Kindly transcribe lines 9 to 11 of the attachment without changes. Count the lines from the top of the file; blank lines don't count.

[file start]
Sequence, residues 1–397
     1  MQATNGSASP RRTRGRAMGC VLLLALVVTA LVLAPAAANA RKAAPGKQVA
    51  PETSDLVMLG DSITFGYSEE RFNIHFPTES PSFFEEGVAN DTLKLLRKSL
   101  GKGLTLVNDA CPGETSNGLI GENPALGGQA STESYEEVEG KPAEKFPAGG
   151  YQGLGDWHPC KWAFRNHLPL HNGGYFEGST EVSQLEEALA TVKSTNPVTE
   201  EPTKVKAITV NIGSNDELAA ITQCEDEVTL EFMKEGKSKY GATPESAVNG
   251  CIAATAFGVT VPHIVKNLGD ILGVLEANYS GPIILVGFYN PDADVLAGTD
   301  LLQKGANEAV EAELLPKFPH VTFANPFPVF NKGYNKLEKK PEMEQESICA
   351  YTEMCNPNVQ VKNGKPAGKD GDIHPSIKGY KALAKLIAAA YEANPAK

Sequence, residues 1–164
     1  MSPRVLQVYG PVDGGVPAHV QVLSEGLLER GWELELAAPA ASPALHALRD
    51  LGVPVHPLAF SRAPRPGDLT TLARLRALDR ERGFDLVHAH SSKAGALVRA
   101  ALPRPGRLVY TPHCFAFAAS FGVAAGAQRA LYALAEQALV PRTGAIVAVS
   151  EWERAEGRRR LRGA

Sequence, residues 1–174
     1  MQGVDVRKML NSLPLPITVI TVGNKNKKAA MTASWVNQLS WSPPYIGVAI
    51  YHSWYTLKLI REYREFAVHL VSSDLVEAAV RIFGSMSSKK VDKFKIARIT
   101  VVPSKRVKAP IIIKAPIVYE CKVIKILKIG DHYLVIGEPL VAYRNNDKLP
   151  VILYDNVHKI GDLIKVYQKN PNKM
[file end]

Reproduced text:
   351  YTEMCNPNVQ VKNGKPAGKD GDIHPSIKGY KALAKLIAAA YEANPAK

Sequence, residues 1–164
     1  MSPRVLQVYG PVDGGVPAHV QVLSEGLLER GWELELAAPA ASPALHALRD